Regional variations in sea temperature can make all the difference between a coral reef suffering major bleaching or surviving as a refuge for corals, new research shows.
A new study finds that even in best-case scenarios, the fishing communities most hurt by climate change are on small island nations such as Kiribati, the Solomon Islands and the Maldives.
In early 2016 reports appeared that vast swathes of mangroves had died in the Gulf of Carpentaria. It now appears heat and drought were to blame.
Western Australia's super-corals are adapted to high temperatures, but even they didn't escape the recent bleaching event unscathed.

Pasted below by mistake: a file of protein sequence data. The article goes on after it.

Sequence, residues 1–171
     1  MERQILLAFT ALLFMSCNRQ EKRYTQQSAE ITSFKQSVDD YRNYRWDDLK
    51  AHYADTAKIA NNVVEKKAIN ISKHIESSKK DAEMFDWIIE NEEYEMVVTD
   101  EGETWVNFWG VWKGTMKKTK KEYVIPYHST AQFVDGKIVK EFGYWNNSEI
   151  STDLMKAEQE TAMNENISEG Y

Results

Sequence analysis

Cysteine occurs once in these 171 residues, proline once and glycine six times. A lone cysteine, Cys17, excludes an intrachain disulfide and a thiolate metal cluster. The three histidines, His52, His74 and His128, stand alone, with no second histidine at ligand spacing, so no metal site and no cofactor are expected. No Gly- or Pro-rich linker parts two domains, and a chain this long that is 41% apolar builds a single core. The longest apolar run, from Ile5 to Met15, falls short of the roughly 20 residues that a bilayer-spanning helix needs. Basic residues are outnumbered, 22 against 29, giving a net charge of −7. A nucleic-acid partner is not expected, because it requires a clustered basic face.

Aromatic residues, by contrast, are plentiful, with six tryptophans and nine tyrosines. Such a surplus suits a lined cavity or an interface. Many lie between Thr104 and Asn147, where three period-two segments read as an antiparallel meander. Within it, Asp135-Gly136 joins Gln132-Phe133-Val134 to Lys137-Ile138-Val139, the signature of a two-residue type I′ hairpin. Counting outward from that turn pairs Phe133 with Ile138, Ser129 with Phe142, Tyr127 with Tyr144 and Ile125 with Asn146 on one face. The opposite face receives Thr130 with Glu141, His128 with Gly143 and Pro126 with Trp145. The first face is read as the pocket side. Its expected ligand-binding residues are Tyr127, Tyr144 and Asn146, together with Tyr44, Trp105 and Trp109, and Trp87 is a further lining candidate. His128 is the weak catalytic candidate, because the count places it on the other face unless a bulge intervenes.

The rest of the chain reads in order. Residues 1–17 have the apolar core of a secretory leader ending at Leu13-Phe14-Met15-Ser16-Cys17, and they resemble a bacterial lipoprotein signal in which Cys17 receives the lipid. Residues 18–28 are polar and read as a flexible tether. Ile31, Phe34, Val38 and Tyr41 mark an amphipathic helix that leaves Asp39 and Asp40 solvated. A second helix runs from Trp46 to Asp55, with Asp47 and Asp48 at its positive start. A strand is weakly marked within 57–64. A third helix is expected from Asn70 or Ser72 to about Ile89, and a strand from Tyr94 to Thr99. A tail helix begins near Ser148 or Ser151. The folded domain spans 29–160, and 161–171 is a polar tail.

Months after record breaking coral bleaching, research teams are taking stock of the damage on the Great Barrier Reef.
Global average sea level has risen by about 17 cm between 1900 and 2005, but we didn't know how much of that was due to us, until now.
The summer of 2015-2016 was the hottest on record for Australia's oceans.